Tuesday, June 18, 2013

What kind of bird is this?

Does anyone know what kind of bird this is? It has white tips to it's tail feathers and no other color that I can see. I know it will be a standard bird that I should recognize but I don't.

What am I?

Never before Turkeys

We have never raised turkeys before. And when I say we, I mean my whole family. I don't believe my grandparents even raised turkeys. I never heard any turkey stories. And wouldn't there be turkey stories? I am waiting for stories of my own. I have duck and chicken stories. But would these stories stand the test of time? Will my grandchildren (when I have some) remember the stories to pass on? Maybe these stories are only important to me. And my guess is that is the way of it. But I am having a great time collecting stories.

Well, I was told to keep the turkeys in a small cage until they are about 4 months old because they are very delicate creatures. I lost 4 turkeys during the big storm a couple weeks ago due to the rain and cold. I did not expect such a cold night after the rains. But I also lost 4 turkeys in the brood box.  And the ones that I let out to the large pen are having a blast. They get on top of their "coop" and roost. They fly down and then run and chase each other. They hunt for bugs and scratch in the hay. I can't see how a cage would be better than that. So like everything I do on the farm, this too will be trial and error. And the poor animals will suffer through my learning about them.

I have three kinds of turkeys, Standard Brown, Bourbon Red, and Royal Palm. The Reds are the light brown ones in the pictures and Royal Palm are the white ones.  They will actually be white with scattering of black. I believe they are all heritage breeds, which means they have been around a long time. They are not "Butterball" turkeys. They are more like wild turkeys.

I hope you will like my turkey stories as they develop.

Turkeys-Brown, Bourbon Red and Royal Palm
Loving the sun after a big rain storm

Finally figs

My mother's parents, Granny and Gramps, had a farm when I was young.
They raised 7 children and a very large garden.
Gramps worked at a local factory and farmed.
Granny ran the house and the garden.
Gramps had apple and pear trees, strawberries and blackberries.

My father's parents lived in the city.
But like most folks back then, they had a small kitchen garden.
Grandpa was a barber.
Grandma was secretary of the First Baptist Church.
Grandpa had plum and pecan trees, muscadines, grapes, and watermelons.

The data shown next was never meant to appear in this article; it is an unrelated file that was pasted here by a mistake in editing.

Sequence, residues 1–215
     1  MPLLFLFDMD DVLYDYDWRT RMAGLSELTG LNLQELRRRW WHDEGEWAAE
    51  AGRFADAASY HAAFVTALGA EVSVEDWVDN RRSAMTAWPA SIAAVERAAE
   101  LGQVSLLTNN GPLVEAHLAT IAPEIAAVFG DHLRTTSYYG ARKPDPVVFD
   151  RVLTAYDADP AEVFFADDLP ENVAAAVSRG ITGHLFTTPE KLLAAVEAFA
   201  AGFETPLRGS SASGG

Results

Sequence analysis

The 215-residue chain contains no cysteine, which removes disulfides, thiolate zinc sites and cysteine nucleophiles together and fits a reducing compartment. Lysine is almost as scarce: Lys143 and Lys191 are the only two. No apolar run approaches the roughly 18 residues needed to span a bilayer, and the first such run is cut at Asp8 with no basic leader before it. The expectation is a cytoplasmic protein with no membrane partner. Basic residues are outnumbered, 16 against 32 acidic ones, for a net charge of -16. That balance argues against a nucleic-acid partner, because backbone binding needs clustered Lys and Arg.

We ate fruit in season.
Strawberry ice cream in the summer.
Pear cobblers in the fall.
Apple butter all year round.

And my Grandma had figs.
I loved figs...warm from the sun...tasted just like honey.
I would break one in half to see if the ants had gotten to it first.
But I would pick them off and eat it anyway.

I have wanted to grow figs of my own since I was young.
I have tried to raise figs for years.
I tried in town and for the past five years, on the farm.
So last summer, a good friend, Katie, introduced me to a great nursery.

I got three fig bushes. (two Brown Turkey and one Celesta).
Eva told me where to plant them. (northeast side of house).
John said they looked fine. (he accepted them!)
And they have grown like crazy!

Finally Figs!!

Brown Turkey Figs

Spring hay for winter feed

This has been a good year so far for hay production and grazing. Just enough water and sunshine to produce very nice fields. We have been excited to see all the hay being cut and baled. The countryside is just littered with all these big bales of hay. Looks like beautiful pastural paintings. We hayed all but three of our pastures. The cows were on two and the sheep had part of another. We hayed and baled 114 round bales. It will take more than that to make it through the winter but it is a great start. We will hope the drought doesn't return this year and everyone can get another cutting. It was so dry last year that everyone was feeding hay in August and selling off their herds. But that was last year....we will hope for a better summer.

Hay in field five

Luna and Odin playing

I try to let Luna and Odin out twice a day to just play with each other. They come up to the house and play on the porch where it is shady and cool. Odin starts out pretty white and by the end of the time his neck is wet and dirty. She is very easy with him but like I have said before he is just a stinker. He growls and grabs her fur and hangs on and she bites at his neck and paws him. I think they shall be good friends. Neither of them is food agressive, even when they get kitchen scraps. They both like to chase the chickens and lick the bottle as I feed the calf.